I recently had cause to call into Gizmo’s for a phone charger. There was a fairly robust discussion going on as a customer had just exposed themselves to the crypto locker virus by opening an email purportedly from “Australia Post”. As scammers get more and more sophisticated, we as business owners also need to up our game in terms of vigilance.
Will Buckingham from Blue Sky IT gives us insight into what emails to look out for:
- If you’ve won the lottery or inherited millions – you really haven’t!
- Australia Post is a common scam at the moment, where you are advised that there is a parcel waiting for collection – just think for a moment as to how Australia Post has suddenly gotten a hold of your email address?
- The ATO and RMS – sending an email for a fine or penalty. Again, consider the likelihood of this? Where did the RMS suddenly get your email address from?
- Check the email address that the email has been sent from – often times the domain name itself (eg: regfin.com.au) will have no resemblance at all to the organisation that is supposedly emailing you. Sometimes it will bear a close resemblance, but a close look will show a slight variation in the spelling. Using regfin as an example, the email could be from firstname.lastname@example.org: or email@example.com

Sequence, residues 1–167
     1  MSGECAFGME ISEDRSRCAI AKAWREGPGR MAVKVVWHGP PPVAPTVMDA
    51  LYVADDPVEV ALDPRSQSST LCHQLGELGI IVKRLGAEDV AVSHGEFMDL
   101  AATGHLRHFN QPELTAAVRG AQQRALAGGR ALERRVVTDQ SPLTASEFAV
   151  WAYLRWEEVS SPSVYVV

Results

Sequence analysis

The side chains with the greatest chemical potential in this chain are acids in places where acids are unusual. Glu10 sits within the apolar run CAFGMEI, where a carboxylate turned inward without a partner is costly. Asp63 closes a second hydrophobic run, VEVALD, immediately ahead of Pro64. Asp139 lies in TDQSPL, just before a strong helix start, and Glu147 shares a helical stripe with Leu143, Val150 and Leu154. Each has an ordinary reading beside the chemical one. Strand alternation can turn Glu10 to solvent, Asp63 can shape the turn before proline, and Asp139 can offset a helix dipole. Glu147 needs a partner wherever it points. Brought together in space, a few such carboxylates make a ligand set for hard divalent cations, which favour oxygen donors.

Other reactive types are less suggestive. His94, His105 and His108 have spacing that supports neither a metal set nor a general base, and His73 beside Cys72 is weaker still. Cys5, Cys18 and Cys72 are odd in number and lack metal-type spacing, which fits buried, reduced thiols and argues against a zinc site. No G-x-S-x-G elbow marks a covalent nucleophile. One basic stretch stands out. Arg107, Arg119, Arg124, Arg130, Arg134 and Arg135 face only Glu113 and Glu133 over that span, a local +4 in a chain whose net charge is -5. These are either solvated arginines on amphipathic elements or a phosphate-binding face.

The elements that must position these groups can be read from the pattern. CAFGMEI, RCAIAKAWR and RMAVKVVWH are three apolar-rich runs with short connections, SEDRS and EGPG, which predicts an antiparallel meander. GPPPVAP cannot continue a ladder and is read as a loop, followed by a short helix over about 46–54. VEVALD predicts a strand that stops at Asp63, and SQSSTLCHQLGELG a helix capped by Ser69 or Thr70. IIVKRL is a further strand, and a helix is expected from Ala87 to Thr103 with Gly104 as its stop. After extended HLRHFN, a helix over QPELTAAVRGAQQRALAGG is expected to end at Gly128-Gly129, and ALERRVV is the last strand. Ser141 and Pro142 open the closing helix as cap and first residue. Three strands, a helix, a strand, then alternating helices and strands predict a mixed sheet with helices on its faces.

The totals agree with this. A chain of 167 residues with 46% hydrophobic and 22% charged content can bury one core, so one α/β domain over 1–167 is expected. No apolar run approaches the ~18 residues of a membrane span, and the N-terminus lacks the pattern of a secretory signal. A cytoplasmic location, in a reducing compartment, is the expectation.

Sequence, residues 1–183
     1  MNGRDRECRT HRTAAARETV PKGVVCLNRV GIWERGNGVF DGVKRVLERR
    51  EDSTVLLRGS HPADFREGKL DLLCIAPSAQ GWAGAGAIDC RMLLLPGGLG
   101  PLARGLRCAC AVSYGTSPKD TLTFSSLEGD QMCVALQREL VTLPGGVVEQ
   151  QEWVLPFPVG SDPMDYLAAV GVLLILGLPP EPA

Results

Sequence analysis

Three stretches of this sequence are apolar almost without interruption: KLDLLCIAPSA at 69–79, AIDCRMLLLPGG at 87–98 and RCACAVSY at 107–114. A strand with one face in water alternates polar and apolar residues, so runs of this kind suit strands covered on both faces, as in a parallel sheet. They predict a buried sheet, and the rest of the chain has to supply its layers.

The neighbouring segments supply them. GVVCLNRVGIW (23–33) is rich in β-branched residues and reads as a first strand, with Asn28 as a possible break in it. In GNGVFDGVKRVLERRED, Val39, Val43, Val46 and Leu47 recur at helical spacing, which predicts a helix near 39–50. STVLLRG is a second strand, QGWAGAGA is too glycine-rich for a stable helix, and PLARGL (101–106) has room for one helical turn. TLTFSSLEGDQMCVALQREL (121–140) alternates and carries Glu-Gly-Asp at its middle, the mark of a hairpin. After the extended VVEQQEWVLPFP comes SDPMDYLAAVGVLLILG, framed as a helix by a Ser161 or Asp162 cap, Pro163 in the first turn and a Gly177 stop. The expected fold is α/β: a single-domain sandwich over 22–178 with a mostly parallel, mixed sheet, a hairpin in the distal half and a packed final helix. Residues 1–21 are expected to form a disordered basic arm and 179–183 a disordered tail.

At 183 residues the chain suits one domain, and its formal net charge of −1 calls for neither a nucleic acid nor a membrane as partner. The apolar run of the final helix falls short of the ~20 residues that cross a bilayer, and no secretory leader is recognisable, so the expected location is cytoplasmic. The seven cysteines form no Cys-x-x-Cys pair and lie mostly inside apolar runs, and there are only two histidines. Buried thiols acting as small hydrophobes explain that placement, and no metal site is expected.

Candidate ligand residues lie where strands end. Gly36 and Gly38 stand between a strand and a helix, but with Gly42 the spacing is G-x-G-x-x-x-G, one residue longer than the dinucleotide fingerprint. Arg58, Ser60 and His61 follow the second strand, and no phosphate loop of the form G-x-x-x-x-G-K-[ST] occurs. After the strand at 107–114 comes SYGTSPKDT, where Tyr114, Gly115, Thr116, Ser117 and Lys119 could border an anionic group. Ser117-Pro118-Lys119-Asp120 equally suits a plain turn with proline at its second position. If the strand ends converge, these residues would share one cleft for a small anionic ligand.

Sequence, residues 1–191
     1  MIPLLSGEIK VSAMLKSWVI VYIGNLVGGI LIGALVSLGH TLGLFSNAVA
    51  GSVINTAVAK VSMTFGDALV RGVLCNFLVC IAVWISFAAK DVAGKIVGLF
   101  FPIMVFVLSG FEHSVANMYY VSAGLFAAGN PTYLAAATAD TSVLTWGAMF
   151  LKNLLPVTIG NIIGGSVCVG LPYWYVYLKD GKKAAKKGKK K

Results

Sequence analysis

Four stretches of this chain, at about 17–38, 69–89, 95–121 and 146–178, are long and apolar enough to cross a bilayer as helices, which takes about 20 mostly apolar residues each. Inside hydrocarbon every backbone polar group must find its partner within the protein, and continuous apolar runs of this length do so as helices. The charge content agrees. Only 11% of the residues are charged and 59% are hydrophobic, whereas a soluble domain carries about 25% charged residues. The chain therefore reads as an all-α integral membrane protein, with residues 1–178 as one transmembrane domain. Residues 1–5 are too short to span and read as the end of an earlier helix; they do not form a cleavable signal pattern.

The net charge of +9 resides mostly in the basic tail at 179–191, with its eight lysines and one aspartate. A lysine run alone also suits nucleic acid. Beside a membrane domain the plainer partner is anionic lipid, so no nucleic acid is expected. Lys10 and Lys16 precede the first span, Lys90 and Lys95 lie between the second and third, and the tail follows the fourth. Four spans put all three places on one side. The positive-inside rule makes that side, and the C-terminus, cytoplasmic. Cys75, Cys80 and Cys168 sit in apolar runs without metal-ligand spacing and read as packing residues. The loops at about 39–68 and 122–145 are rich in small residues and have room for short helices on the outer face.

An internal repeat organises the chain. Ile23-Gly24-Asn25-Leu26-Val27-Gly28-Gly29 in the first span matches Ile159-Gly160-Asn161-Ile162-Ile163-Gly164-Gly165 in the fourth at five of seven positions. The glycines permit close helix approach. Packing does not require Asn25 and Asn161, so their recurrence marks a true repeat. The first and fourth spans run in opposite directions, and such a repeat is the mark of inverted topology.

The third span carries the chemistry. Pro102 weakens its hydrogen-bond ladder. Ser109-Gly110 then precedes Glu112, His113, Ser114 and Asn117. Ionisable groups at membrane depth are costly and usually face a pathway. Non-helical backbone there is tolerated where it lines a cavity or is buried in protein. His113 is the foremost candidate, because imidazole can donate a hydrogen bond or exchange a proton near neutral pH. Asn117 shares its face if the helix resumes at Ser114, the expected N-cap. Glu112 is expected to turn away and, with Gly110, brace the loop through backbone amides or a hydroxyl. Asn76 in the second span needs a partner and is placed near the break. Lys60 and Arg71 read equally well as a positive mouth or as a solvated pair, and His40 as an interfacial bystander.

- If there is a link in the email to a website, hover over that link. If it doesn’t reveal a website or has lots of random letters and numbers, do not click on it
- The email has a zip or pdf file attached
- The email will often have grammatical or spelling errors. Consider how likely it is that a major corporation, spending millions of dollars a year on PR and marketing would put out an amateurish email with such errors in it
What can you do to protect yourself?
The best protection you can have is a good spam filter or antivirus that scan your email before you open them. And remember to trust instinct… if it sounds too good to be true, then the chances are that it is.